First of all, this course has really been an eye-opening one for me. Before I came to college, I’d never imagine myself learning to code and make circuits at the same time. Neither did I know about what’s called “Computational Media”. But now it all starts to make more sense to me. Just as our guest from Istanbul said, people don’t know new media until it is introduced to them. From my own understanding, Computational Media is indeed future-oriented, but it is also tangible and easily accessible so that we could begin to get the sense of it after only 14 weeks of an intro class.
I have always felt the difference between the “old media” and the relatively new media. For a long time, the old media means newspapers, magazines, and later on television to me. Then the new media equals to web pages, email newsletters, that sort of internet-based thing. However, I did’t quite realize that new media can be more than journalism, that it can also be art, design, engineering, etc. So my previous definition of new media is pretty narrow, and one chief message I received from our class is that media should embody diversified pursuits and interests of people from all sorts of professions and industries.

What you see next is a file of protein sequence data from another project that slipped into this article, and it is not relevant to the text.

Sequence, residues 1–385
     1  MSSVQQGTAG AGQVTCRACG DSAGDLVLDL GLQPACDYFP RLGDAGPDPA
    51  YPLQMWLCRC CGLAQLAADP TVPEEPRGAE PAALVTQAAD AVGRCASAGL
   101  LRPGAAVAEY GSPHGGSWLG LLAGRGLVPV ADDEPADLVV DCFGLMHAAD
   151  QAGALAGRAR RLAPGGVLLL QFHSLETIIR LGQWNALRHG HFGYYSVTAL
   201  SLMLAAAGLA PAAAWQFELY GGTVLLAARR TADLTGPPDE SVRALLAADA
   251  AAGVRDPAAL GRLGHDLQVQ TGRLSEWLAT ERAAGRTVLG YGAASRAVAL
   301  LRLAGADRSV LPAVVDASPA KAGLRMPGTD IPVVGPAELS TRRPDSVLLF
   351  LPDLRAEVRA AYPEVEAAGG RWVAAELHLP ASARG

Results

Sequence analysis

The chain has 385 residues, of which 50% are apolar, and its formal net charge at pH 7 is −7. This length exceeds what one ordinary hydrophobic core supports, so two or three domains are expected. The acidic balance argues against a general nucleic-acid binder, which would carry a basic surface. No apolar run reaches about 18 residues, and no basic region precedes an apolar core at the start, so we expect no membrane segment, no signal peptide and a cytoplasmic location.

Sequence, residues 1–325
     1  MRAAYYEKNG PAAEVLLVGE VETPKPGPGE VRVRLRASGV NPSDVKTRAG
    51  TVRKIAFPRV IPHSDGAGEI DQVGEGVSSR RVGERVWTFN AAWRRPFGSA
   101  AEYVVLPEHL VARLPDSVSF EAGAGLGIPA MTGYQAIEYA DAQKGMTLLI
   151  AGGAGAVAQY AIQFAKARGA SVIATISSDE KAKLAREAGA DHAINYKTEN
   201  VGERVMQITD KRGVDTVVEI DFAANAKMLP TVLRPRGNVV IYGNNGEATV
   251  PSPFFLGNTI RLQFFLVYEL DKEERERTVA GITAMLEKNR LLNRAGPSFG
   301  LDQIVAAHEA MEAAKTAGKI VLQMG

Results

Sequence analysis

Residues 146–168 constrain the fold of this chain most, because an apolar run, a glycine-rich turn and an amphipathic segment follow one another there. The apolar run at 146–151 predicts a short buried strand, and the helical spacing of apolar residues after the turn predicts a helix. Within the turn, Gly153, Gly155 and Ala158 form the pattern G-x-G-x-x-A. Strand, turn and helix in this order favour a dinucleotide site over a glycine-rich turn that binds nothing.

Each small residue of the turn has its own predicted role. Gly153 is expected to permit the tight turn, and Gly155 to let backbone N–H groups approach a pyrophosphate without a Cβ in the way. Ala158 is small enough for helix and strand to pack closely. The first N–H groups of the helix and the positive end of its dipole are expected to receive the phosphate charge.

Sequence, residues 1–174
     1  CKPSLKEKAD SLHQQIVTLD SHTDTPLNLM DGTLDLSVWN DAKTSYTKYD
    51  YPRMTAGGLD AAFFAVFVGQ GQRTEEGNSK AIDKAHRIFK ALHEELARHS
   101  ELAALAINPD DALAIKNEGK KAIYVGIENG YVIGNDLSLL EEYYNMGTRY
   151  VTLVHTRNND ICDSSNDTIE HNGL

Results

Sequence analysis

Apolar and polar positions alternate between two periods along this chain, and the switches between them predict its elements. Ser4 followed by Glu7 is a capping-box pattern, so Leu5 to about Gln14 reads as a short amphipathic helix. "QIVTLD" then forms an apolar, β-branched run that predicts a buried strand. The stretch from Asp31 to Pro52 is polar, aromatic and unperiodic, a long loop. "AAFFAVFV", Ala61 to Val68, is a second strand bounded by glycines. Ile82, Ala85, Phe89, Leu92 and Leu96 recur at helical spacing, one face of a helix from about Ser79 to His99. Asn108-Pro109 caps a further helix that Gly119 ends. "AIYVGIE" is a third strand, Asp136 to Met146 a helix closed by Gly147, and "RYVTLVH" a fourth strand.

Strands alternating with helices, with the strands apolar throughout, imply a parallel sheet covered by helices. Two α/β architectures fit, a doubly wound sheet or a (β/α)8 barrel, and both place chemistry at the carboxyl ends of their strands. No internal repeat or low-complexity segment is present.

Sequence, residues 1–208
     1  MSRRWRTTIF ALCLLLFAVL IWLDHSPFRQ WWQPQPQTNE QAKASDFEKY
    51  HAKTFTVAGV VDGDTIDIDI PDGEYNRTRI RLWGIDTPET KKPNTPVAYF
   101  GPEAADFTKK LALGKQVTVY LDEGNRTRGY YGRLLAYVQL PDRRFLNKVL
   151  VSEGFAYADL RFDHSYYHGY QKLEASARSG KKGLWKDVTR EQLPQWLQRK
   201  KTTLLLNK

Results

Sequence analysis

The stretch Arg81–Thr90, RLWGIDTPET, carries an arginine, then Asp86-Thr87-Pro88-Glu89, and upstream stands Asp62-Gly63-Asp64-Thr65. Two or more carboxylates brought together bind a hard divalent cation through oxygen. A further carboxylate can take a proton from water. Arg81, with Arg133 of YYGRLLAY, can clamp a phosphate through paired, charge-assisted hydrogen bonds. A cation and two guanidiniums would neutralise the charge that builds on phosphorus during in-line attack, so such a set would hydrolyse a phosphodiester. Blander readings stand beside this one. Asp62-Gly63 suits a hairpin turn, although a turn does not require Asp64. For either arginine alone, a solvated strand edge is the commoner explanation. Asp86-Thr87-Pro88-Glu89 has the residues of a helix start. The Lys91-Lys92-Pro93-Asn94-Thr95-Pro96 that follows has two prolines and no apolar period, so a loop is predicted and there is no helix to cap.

For one thing, I do think computational media is important for all of us. It is interesting to see all kind of people, students and staff, coming in to the IM lab wishing to learn how to use the laser cutter and 3-D printer. The same applies to myself. Now I could use these machines to make my own stuff and potentially share with others what I have done. This mode of sharing becomes even easier when you post your code online, which is part of the charm of the internet as a whole and also benefits computational media.